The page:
Heroes For Hire #12 -- I have no interest at all in Planet Hulk -- mostly because between this title and Iron Man (see below), Old Green Genes sounds like little more than a petulant brat throwing a big tantrum. That said, this story about the HFH infiltrating Hulk's stoneship to help Humbug stop the Brood is pretty neat since it focuses on something other than the main plot of the "event." I'm a fan of any time we get to see Shang-Chi look like a badass, so this issue passes muster. The backup, with Paladin and Scorpion attacking each other with an arsenal of Bronze Age weapons is a hoot, even if there's a few errors in there, although they could be deliberate. (Chemistro's alchemy gun, for instance, doesn't turn objects into gold, it transmutes matter into any other kind of matter. Plus, I think it was destroyed, unless this is the second Chemistro's gun... the third built the weapon into his gauntlets. Also, I am a dork.) But only hardcore nerds are going to find fault with it. An enjoyable tale of Marvel's fringe hero club, and it's different enough from the main book to justify picking it up as a tie-in if you are into that sort of thing.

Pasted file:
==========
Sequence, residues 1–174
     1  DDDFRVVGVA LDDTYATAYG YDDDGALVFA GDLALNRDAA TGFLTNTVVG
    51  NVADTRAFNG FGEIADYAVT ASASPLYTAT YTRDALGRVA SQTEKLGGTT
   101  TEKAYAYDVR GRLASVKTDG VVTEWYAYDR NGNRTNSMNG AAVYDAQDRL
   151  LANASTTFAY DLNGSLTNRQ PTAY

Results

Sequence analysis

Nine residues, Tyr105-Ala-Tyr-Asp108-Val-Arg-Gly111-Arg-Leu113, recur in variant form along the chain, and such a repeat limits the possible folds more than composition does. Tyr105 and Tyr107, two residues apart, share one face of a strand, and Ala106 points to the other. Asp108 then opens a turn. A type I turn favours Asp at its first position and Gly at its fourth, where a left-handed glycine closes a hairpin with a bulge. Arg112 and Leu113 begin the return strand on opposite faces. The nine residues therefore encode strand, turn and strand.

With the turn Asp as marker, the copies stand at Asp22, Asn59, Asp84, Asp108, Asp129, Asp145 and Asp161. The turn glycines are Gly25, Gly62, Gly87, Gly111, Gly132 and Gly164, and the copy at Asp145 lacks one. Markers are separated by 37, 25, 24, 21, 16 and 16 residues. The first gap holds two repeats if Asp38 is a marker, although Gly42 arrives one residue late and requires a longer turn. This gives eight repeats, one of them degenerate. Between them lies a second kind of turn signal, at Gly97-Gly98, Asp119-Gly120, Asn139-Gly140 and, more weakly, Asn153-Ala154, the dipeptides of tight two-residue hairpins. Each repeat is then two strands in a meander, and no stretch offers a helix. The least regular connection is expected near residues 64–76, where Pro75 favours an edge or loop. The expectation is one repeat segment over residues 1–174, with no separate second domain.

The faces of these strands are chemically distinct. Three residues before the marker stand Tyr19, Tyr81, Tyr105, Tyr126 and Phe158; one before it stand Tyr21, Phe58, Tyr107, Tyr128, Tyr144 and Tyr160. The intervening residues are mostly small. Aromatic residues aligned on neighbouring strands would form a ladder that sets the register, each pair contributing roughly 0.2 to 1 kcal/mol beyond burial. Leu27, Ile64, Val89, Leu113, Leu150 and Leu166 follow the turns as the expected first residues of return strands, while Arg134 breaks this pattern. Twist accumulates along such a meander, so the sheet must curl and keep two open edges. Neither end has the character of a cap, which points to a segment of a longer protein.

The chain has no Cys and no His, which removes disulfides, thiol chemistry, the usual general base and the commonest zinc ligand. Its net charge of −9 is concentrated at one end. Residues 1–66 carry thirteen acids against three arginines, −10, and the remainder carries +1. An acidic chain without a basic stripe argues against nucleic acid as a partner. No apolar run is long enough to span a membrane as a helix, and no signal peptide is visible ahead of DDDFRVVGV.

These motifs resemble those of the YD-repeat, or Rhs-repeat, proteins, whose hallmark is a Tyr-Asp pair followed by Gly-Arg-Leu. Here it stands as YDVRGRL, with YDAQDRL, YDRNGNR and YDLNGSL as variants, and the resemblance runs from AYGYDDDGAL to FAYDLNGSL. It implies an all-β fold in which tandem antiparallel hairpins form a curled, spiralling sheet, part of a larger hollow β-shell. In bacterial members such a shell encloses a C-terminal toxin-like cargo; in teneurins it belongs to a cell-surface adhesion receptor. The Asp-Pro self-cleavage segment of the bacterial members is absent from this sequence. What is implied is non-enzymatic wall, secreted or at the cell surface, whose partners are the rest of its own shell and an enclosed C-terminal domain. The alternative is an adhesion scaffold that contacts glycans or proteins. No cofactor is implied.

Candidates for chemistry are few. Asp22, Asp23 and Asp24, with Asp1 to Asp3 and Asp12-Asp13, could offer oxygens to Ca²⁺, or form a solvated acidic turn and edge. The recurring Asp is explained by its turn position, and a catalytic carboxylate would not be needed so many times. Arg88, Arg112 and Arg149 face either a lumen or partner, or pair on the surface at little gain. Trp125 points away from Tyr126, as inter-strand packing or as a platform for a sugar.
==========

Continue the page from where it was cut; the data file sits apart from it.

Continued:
Superman #665 -- A "Countdown Dossier." Translation: Focus on Jimmy "Mr. Action" Olsen. Busiek tells an untold tale of Jimmy's history, at a time when both he and Superman really needed a friend. Some nice character bits for "early" Clark, Lois, Perry, and Jimmy, plus manages to fit in an action sequence and some continuity name-drops (The 10! They're trying to become The 100! Someone call Black Lightning!) as well. As a stand alone issue, this is good stuff, even if it doesn't mean much at all in the grand scope of "Camelot Falls." The Countdown tie-in is minimal, but there is a long tradition of these kinds of stories in Superman comics. Fans of Jimmy and of course Superfans will not be disappointed in this one bit. Still, I am getting a little tired of Jimmy taking over Superman's books lately, what between this and the current arc over in Action.